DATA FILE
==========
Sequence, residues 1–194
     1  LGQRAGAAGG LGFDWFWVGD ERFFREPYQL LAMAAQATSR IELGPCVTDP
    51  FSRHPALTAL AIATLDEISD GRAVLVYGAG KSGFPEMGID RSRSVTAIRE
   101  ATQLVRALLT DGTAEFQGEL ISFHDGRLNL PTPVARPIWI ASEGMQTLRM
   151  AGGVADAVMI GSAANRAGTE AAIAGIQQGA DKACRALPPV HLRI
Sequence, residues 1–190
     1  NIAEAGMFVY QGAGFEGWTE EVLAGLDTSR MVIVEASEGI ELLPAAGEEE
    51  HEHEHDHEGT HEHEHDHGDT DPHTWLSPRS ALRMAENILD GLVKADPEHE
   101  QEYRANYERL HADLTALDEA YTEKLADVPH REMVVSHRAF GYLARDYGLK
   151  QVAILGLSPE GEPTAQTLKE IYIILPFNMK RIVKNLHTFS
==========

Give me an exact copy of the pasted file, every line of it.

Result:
Sequence, residues 1–194
     1  LGQRAGAAGG LGFDWFWVGD ERFFREPYQL LAMAAQATSR IELGPCVTDP
    51  FSRHPALTAL AIATLDEISD GRAVLVYGAG KSGFPEMGID RSRSVTAIRE
   101  ATQLVRALLT DGTAEFQGEL ISFHDGRLNL PTPVARPIWI ASEGMQTLRM
   151  AGGVADAVMI GSAANRAGTE AAIAGIQQGA DKACRALPPV HLRI
Sequence, residues 1–190
     1  NIAEAGMFVY QGAGFEGWTE EVLAGLDTSR MVIVEASEGI ELLPAAGEEE
    51  HEHEHDHEGT HEHEHDHGDT DPHTWLSPRS ALRMAENILD GLVKADPEHE
   101  QEYRANYERL HADLTALDEA YTEKLADVPH REMVVSHRAF GYLARDYGLK
   151  QVAILGLSPE GEPTAQTLKE IYIILPFNMK RIVKNLHTFS